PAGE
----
As is often the case for much of anarchist history, and their important role in the labor movement, not many realize May Day (as a labor day commemorating the Haymarket martyrs and observed around the world) is the result of the important role of anarchists in the labor movement, and the push for an 8 hour day. The (statist) socialists and Stalinists tried to hijack the day as their own, but it is a day of labor solidarity worldwide.

                  Here's a brief overview:

                  http://anarchism.pageabode.com/...

                  Here's my diary:

                  http://www.dailykos.com/...

                  "The political arena leaves one no alternative, one must either be a dunce or a rogue." Emma Goldman, Anarchism and Other Essays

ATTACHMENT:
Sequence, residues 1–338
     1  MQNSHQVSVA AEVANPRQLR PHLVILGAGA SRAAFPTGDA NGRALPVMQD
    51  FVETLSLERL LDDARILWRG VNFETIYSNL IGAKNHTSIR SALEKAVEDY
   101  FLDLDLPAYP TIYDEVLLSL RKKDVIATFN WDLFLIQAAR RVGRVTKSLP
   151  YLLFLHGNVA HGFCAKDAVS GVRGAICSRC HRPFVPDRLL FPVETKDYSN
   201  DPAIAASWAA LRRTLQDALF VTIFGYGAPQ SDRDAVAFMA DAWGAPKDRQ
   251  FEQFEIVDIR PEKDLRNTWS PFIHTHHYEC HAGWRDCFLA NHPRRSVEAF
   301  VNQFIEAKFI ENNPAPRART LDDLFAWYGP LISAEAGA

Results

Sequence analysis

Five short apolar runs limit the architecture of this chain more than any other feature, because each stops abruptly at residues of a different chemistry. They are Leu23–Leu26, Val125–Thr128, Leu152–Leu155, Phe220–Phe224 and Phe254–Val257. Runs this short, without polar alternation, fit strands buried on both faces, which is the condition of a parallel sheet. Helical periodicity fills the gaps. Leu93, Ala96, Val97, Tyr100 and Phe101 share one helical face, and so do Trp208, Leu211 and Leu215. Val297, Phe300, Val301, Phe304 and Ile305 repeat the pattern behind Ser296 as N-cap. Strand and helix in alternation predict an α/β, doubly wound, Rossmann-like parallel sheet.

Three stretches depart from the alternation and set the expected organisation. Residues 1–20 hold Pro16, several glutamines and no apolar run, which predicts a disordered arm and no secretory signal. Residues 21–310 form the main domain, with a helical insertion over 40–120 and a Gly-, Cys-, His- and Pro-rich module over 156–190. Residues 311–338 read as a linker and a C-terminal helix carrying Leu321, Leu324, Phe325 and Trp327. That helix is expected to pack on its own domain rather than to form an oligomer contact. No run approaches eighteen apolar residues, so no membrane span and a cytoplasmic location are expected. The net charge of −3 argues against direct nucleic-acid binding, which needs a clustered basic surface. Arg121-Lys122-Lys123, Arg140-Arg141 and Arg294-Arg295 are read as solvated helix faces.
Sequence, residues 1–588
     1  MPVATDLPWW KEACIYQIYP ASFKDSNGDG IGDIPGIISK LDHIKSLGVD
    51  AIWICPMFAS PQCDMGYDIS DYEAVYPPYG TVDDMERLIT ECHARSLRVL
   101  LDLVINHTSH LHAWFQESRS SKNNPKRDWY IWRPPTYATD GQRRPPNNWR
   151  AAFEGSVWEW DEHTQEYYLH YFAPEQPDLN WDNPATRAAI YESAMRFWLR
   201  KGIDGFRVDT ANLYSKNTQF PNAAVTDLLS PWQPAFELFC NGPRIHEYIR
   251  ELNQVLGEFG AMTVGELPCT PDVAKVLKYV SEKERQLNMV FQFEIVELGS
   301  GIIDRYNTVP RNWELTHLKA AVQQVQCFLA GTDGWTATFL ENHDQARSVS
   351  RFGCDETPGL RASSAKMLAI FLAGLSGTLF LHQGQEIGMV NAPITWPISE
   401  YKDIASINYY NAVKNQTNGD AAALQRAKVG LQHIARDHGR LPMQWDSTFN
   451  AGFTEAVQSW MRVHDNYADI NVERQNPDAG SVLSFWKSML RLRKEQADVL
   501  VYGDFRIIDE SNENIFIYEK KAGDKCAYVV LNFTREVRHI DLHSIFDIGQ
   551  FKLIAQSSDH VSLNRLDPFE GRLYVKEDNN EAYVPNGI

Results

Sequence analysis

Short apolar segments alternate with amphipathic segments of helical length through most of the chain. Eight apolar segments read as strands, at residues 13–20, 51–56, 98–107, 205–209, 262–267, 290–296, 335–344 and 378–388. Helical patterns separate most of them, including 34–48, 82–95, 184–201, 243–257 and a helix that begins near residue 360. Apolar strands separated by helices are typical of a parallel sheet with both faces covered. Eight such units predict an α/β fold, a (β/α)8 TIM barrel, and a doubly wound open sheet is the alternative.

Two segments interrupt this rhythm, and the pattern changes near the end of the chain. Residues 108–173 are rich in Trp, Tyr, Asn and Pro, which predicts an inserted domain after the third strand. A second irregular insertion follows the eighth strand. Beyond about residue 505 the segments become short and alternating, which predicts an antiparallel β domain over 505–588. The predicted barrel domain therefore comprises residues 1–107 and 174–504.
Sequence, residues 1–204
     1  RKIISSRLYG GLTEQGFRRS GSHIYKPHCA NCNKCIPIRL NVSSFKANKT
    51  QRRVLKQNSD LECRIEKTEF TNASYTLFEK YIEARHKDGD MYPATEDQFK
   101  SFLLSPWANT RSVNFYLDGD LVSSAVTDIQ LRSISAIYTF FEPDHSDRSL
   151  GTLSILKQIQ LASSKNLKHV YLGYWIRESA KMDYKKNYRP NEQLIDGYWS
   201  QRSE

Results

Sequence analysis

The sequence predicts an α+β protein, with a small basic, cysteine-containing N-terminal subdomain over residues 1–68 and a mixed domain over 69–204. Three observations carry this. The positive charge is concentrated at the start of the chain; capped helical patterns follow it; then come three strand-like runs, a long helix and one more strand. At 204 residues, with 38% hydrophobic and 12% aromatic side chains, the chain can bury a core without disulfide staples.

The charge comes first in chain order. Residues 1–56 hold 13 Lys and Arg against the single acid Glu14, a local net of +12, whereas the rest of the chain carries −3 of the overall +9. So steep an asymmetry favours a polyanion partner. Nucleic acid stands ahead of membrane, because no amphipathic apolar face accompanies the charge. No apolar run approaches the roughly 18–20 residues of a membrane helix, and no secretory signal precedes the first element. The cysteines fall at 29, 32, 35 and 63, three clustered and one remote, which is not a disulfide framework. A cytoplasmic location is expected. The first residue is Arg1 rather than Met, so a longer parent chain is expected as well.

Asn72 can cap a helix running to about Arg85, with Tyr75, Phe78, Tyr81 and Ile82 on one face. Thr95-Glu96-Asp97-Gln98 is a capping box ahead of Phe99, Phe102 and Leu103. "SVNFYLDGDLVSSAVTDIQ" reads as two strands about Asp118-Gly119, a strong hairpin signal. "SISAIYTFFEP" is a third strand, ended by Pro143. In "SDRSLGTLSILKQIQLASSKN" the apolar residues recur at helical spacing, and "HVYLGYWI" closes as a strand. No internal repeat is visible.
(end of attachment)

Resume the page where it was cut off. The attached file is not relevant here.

by ZhenRen on Thu Jan 30, 2014 at 10:59:38 PM PST

                  [ Parent ]

                  •  Of course, ZhenRen (1+ / 0-)
                    Recommended by:
                    ZhenRen

                    you are right about May Day.   I was thinking about the origins of Labor Day.

                    “The answer must be, I think, that beauty and grace are performed whether or not we will or sense them. The least we can do is try to be there.” ― Annie Dillard, Pilgrim at Tinker Creek

                    by 6412093 on Fri Jan 31, 2014 at 10:21:25 AM PST

                    [ Parent ]

          •  Really? (2+ / 0-)
            Recommended by:
            Hey338Too, serendipityisabitch
            Do you really think Erratic is interested in direct action? Are you? Are any of these familiar critics here interested in that effort? Do you, or Erratic, even have a definition of direct action?